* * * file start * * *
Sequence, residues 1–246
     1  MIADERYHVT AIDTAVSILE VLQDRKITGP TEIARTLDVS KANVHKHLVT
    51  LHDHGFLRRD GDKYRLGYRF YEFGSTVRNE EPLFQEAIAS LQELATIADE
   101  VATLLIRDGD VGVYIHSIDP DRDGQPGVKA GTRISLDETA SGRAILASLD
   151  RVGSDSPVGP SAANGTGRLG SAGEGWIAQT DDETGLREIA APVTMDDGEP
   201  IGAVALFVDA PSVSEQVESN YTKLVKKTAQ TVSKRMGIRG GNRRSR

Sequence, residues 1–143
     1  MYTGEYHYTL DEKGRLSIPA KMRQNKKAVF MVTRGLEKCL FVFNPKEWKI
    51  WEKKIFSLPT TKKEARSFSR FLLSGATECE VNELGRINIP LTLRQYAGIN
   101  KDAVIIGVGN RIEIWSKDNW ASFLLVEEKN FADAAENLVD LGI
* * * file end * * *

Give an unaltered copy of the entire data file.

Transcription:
Sequence, residues 1–246
     1  MIADERYHVT AIDTAVSILE VLQDRKITGP TEIARTLDVS KANVHKHLVT
    51  LHDHGFLRRD GDKYRLGYRF YEFGSTVRNE EPLFQEAIAS LQELATIADE
   101  VATLLIRDGD VGVYIHSIDP DRDGQPGVKA GTRISLDETA SGRAILASLD
   151  RVGSDSPVGP SAANGTGRLG SAGEGWIAQT DDETGLREIA APVTMDDGEP
   201  IGAVALFVDA PSVSEQVESN YTKLVKKTAQ TVSKRMGIRG GNRRSR

Sequence, residues 1–143
     1  MYTGEYHYTL DEKGRLSIPA KMRQNKKAVF MVTRGLEKCL FVFNPKEWKI
    51  WEKKIFSLPT TKKEARSFSR FLLSGATECE VNELGRINIP LTLRQYAGIN
   101  KDAVIIGVGN RIEIWSKDNW ASFLLVEEKN FADAAENLVD LGI